To say that 2011-12 was a blow-par season for Aston Villa is something of an understatement. The Midlands club avoided the relegation places by two points, struggled to score goals, and with the lowly total of seven wins all season, the Villa Park faithful suffered at the hands of mediocre performances for the bulk of the campaign. However with Alex McLeish being shown the door, what does 2012-13 hold in store for Villa?
Villa’s season seemed doomed from day one, as ex-Birmingham City boss McLeish’s appointment was treated with contempt from the fans, a lack of money was spent in last summer’s transfer market and main creators Stewart Downing and Ashley Young left the club. Despite a plucky start, the club quickly spiralled into lacklustre performances, too many draws and not enough goals.
The days of Martin O’Neill, where Villa on their day could go toe-to-toe with most sides in the division, especially at home, have felt like a lifetime ago. Under the Northern Irishman the side posed an attacking threat, were confident and proved dogged when their opponents were in possession – none of these traits seemed overwhelmingly evident in the recently-concluded campaign.
Randy Lerner’s appointment of McLeish’s replacement is now critical for the side’s future. Ole Gunnar Solskjaer emerged as a surprise candidate before turning his back on the club to stay in his homeland; this may well be a blessing in disguise. Although the Norwegian trainer would more than likely offer a more progressive style than McLeish, Villa need a boss with Premier League experience and a track record of success.
Wigan’s Roberto Martinez turned the job down a year ago, but he and Paul Lambert are being touted as possible contenders. The Spaniard was Lerner’s first-choice last year, but with the Liverpool job now available the Latics boss may reject Villa once more. Lambert would be a bold choice, whilst the likes of Steve Bruce and Alan Curbishley are available immediately; however there is no real frontrunner screaming out to be hired.
Whoever the new man is, there is work to be done at the Birmingham-based side. Looking at the side’s rearguard, experienced campaigners like Shay Given, Richard Dunne and James Collins provide a solid base for the team, however additional strength at full-back looks necessary. Despite 53 goals conceded in 2011-12 being too many, the core is there to shore up the backline but other areas needed more imminent attention.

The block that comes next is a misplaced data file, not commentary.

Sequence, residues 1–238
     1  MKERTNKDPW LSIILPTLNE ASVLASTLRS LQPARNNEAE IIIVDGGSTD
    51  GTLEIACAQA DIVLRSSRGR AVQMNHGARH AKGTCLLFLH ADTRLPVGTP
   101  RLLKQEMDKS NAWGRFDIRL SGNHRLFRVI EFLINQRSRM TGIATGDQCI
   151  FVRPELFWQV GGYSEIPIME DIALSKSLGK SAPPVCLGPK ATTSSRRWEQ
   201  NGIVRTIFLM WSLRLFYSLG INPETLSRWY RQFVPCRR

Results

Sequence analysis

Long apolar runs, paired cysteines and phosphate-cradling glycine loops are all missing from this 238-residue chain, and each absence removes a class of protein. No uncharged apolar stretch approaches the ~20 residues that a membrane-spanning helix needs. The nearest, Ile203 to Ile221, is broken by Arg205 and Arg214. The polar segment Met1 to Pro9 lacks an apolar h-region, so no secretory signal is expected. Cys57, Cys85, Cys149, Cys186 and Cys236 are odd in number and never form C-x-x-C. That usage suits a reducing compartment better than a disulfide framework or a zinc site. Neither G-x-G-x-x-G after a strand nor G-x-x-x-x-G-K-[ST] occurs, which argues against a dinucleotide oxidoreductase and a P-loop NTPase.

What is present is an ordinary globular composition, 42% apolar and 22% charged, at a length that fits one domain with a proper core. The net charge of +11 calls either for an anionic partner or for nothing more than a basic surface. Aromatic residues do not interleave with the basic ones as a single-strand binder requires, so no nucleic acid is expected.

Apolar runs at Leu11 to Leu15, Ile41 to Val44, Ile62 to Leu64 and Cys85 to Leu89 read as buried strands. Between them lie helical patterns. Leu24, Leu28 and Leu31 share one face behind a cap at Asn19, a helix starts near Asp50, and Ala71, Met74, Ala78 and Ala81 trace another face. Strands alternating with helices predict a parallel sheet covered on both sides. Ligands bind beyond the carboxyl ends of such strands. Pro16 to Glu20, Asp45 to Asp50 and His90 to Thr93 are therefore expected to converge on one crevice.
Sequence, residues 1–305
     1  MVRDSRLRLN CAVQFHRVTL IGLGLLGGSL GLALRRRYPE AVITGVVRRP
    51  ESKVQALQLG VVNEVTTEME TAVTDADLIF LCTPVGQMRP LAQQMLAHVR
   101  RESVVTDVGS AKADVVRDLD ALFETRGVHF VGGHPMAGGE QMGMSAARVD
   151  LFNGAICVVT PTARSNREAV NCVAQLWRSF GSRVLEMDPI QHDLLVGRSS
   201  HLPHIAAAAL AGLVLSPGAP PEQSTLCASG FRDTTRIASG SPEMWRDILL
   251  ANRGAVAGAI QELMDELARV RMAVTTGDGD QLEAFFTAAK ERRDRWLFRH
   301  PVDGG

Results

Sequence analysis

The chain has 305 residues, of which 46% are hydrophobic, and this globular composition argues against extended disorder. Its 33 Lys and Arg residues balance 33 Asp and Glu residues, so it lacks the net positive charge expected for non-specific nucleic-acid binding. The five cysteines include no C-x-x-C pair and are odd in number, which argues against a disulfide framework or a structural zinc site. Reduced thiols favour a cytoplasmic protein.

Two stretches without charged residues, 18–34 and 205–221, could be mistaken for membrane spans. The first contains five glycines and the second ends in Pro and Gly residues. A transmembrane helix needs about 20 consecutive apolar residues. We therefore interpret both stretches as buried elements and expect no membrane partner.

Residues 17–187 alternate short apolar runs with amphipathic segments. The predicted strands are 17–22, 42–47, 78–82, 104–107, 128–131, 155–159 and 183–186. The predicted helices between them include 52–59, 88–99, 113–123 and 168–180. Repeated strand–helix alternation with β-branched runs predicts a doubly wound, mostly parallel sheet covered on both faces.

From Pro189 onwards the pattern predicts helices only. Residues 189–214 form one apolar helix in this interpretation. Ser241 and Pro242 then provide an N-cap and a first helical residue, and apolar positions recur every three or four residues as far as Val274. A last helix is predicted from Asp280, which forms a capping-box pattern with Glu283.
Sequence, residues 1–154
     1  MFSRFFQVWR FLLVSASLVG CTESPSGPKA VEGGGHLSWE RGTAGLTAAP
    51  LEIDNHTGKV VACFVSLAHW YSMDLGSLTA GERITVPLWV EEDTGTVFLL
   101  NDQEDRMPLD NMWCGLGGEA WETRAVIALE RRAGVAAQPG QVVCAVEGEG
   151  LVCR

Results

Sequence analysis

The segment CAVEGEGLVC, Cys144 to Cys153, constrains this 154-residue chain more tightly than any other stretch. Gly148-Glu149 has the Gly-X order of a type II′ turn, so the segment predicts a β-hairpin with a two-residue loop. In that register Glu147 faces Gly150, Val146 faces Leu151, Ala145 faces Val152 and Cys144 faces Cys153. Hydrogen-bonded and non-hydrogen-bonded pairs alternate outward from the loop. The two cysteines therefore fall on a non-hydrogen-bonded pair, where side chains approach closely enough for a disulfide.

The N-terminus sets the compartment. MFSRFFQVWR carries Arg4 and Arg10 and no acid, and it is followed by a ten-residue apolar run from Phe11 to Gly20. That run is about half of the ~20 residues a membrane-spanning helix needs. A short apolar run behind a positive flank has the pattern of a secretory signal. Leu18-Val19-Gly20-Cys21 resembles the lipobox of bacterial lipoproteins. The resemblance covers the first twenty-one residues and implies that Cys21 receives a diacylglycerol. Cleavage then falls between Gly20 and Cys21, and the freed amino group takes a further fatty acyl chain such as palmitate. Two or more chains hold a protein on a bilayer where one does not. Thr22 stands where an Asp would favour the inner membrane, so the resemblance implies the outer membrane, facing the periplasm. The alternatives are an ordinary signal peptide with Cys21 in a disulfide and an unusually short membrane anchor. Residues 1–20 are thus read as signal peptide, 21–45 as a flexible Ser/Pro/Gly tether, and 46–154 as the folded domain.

In midfield, due to the departure of Downing and Young, added creativity is needed. Stephen Ireland and Charles N’Zogbia are able, but another winger to supply opportunities for the attackers would be a welcome addition. With the blow of Stiliyan Petrov’s fight against Leukaemia, Villa have been robbed of the bite in the centre of the park, and the side are crying out for strength in depth, with Fabian Delph and Barry Bannon needing an older head to lead them.
Up front, Darren Bent remains the side’s shining light in the hunt for goals, and the Villa Park faithful will hope the England man can return to fitness and form ahead of 2012-13. Gabriel Agbonlahor has been inconsistent but is still a threat, whilst Andreas Weimann has shown glimpses in breaking into the first-team squad. With Emile Heskey departing, Villa could use a new forward with an eye for goal to compliment the existing trio.
Australia international Brett Holman will join the side on a Bosman ruling this summer, and comes highly-rated after a successful spell at AZ Alkmaar. A move for Heerenveen targetman Bas Dost has been speculated also, without any concrete progression. The likes of Junior Hoilett, Matt Jarvis, Mohamed Diame and Steven Fletcher will be available and are names Villa should be monitoring, whilst other stars from the continent need to be unearthed by the side’s scouting system.
All in all, Randy Lerner needs to do two things this off-season to get Villa back into the top half next season; pick an experienced manager with an attacking outlook, and back him with money to strengthen in the summer.